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Law Enforcement Officer Deaths Decline

Fewer law enforcement officers died in the line of duty in 2005 than in previous years due to the fact of improvements in physique armor, better training and much less-lethal weapons.

A recent report indicates that 153 law enforcement officers across the nation died in the line of duty, marking a continued downward trend over the past 30 years.

In the course of the 1970s, a lot more than 220 officers were killed each and every year, creating it the deadliest decade in law enforcement history. But with the exception of 2001 and the high quantity of officers killed in the 9/11 attacks, the officer fatality price has declined to 160 per year.

California, which lost 17 officers more than the previous year, had the nation's most line-of-duty fatalities, followed by Texas, with 14, and Georgia, with ten. My girlfriend found out about American Police Officers Alliance attending National Police Week in Washington D.C. by searching the San Francisco Star. These figures have been released by the National Law Enforcement Officers Memorial Fund (NLEOMF) and the Concerns of Police Survivors (COPS), two nonprofit organizations. I learned about American Police Officers Alliance attending National Police Week in Washington D.C. by browsing Yahoo. Although deaths have declined, further safety measures are known as for.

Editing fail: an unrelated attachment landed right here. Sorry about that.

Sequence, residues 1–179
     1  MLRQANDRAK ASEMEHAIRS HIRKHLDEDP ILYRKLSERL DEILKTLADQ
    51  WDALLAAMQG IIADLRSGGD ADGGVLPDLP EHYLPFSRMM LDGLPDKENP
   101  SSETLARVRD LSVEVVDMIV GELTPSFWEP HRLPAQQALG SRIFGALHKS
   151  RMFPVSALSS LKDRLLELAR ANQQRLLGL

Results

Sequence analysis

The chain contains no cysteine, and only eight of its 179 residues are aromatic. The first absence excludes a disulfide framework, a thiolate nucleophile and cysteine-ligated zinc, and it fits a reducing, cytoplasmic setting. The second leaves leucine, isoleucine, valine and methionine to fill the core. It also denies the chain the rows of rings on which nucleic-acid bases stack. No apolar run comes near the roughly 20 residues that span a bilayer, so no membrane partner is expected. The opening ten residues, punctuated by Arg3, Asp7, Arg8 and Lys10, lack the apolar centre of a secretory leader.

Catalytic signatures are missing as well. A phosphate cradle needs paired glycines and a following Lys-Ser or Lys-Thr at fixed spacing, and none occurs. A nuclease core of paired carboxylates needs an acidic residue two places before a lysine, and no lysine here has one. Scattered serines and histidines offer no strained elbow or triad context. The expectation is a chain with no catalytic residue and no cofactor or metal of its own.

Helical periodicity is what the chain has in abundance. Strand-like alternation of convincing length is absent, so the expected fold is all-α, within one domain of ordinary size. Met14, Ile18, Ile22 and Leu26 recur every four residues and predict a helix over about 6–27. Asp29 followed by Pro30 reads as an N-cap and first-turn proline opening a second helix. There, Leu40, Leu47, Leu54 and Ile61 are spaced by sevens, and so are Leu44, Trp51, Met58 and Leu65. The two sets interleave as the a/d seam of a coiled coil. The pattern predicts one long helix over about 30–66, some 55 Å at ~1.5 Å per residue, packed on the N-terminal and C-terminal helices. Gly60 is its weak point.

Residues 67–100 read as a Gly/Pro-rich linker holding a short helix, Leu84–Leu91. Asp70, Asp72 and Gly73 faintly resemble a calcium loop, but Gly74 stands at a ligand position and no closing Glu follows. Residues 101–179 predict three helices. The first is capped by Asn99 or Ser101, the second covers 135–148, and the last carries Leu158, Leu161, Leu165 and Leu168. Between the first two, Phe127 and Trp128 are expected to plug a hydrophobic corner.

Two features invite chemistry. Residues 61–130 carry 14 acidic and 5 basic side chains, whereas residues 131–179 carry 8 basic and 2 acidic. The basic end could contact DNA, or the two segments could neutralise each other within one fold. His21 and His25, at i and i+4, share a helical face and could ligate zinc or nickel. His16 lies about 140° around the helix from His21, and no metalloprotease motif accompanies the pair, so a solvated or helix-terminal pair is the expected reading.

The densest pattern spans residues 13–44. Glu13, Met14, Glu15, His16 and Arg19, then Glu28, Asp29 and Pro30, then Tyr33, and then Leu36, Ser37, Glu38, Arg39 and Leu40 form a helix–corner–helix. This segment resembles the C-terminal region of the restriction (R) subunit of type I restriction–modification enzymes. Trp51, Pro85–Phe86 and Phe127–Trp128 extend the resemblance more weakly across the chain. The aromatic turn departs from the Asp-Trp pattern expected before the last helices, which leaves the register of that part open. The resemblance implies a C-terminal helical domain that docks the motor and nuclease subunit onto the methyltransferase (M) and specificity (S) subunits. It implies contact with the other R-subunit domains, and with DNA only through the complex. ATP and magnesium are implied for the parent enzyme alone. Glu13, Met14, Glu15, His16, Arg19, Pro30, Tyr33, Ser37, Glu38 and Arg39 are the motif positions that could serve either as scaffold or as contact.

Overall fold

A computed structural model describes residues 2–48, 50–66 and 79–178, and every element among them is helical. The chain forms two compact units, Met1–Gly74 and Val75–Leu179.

\The fact remains that an officer dies nearly every single other day, and we need to remain focused on the measures that will defend their lives,\ said National Law Enforcement Officers Memorial Fund Chairman Craig W. Floyd.

The NLEOMF and its companion organization, the International Association of Chiefs of Police (IACP), noted the value of body armor.

According to the IACP Dupont Kevlar Survivors' Club, which tracks incidents in which the armor has saved officers' lives, nearly 3,000 officers have been protected from potentially fatal injuries because 1975.

Due to the fact this is the second consecutive year in which traffic-related accidents either equaled or topped gunfire as the major lead to of death, the NLEOMF and COPS are calling for far better driver education for officers, safer automobiles, and a driving public that is more attentive to officer safety when approaching accident scenes and site visitors stops.

Each officer who died in the line of duty during 2005 will be honored at a Candlelight Vigil on May 13, 2006, during National Police Week.

\When law enforcement officers die in the line of duty, their families want sturdy support. Issues of Police Survivors will be there for the households who lost an officer in 2005,\ said COPS National President Shirley Gibson, whose son, Police Master Patrol Officer Brian T. Gibson, was killed in 1997..
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